Marrying tech and insurance

Wednesday, January 20th, 2021 00:00 |

After seeing a gap in the industry, Eunice Maina leveraged technology to bring on board Kenyans looking for personalised covers.

Harriet James @harriet86jim

After working in a technology company for over five years, Eunice Maina, CEO of Bismart Insurance Aggregator, resigned and began selling life insurance as an agent.

It is during her interaction with clients that she had a light bulb moment on how insurance and technology could be combined to create a better customer experience. 

“I was the country sales manager for micro insurance when I noticed a huge gap in the industry.

We wanted to have access to mass market with simple products and discovered the only way to reach them was through technology,” she explains.

Considering that technology would simplify products and allow the company to scale at a low cost, she pitched the idea.

However, she noticed that being a big company, the decision-making was slow yet innovation required speed in execution and iteration.

She resigned in 2017 and created her own company that would offer the quick turnaround she needed.  

Eunice Maina, founder Bismart Insurance Aggregator. Photo/COURTESY

“The company started to tackle the lack of transparency in the industry by enabling customers compare insurance benefits, exclusions and price from multiple companies on a single platform.

  Secondly, it aims at solving lack of simple and relevant products to the Kenyan market,” she notes.

 Bismart provides clients with information to enable them to compare and buy premier insurance and investment solutions at their own convenience.

It also enables uninsured Kenyans to access the service through co-creating relevant products with existing affinity groups such as saccos, schools, welfare groups, and micro-finance institutions, and connecting them to insurance companies through technology.

The clients can review and rate their providers based on their experience, which  would force the players to compete in providing the best customer experience. 

Bismart recently designed a health insurance product called AfyaSmart.

“It’s the only cover you can share with friends or relatives who are not within your nuclear family.

The minimum number of individuals who can join are four people (either friends or relatives sharing one policy),” she says.

Once a client and friends or relatives decide they want an AfyaSmart cover, they head over to the website to view packages they can buy.

Once they choose and click buy, they will be asked to put their Mpesa number.

“You will receive a push message from Mpesa where you just put your pin, then provide required documentations for all members in cover.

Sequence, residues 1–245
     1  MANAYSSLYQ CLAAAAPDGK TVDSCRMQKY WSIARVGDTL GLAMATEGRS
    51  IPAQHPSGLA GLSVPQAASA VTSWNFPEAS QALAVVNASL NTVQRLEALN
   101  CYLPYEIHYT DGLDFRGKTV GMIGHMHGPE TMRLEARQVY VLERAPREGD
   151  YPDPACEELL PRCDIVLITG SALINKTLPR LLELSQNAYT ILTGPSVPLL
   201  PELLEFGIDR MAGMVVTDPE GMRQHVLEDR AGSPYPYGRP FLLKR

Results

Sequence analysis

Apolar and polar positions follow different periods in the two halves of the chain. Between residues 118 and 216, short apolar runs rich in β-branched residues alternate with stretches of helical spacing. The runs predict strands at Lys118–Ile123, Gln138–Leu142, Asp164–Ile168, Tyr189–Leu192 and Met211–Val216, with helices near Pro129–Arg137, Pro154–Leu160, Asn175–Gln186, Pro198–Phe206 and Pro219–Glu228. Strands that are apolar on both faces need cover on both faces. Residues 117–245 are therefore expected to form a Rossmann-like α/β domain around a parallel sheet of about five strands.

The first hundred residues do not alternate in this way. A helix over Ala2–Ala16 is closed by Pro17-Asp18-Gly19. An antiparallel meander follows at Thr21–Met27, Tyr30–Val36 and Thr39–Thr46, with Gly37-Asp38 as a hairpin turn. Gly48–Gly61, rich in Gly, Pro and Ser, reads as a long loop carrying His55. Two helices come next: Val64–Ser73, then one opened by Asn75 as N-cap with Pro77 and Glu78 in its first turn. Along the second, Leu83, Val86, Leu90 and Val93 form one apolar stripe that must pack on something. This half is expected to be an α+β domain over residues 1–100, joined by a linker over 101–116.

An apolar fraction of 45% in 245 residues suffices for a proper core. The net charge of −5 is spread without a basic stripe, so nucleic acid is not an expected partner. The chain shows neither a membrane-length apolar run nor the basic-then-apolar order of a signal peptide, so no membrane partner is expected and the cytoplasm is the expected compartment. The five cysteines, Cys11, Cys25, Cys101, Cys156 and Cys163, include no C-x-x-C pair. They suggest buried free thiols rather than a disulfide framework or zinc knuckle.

Once you submit, you receive your e-card on email and that’s what you use at the Afyasmart accredited hospitals to access services.” she adds.

The Chemistry and Mathematics graduate believes Kenyans should consider insurance as it is the only product that restores you back to the position you were before a loss. 

“Many Kenyans are one hospital bill away from poverty; many are selling properties to pay hospital bills.

Insurance ensures you do not need to sell what you value to pay a bill; you pay a premium and insurance will pay the bill in the event you are admitted in the hospital,” she explains 

 Eunice says one of the biggest problems Kenyans have when it comes to insurance is that they do not take time to understand what they are getting themselves into.

“It is important that a customer read the policy document once issued and if they don’t agree with terms, they can cancel the cover so long as its within 30 days from the day of issue.

Online web portals such as Bismart breaks down information for customers for them to understand what they are buying beforehand  to avoid disappointment during claim,” she says.

Eunice admits their first days were challenging as people did not believe they could buy insurance online. Insurance companies were also hesitant to list their products on their web platform.

However, through consistency and persistence, they were able to bring some on board. The pandemic was also a breakthrough moment for the innovation. 

“The pandemic created an urgent need for insurers to reach their customers online.

In 2019, we had launched Pamsmart, our white label technology as a service platform for insurance agents, brokers, banks and insurance companies to enable them distribute insurance online, which picked up during this time,” she recalls.

With Pamsmart, their focus is to enable one million Kenyans build financial resilience through insurance. 

In 2018, after learning about the Women in Tech incubator programme, she was chosen to showcase her innovation, which helped in assisting her understand human centred-design, thinking when designing and developing products. 

The programme is a partnership by Standard Chartered and Strathmore University, where women take 12 weeks under the umbrella of mentors and coaches and learn how to develop their innovations.

The top five win one million equity free grant seed funding of which Eunice won. 

“I always get to the game to win. I just applied and was invited to pitch, I was not sure what it was, but I applied anyway and thank God I was a winner.

We got Sh1.1m, which enabled us experiment and find a product customers wanted and were willing to pay for,” says the author of Sell Me this Pen, in which she shares her journey as an insurance sales agent and entrepreneur.

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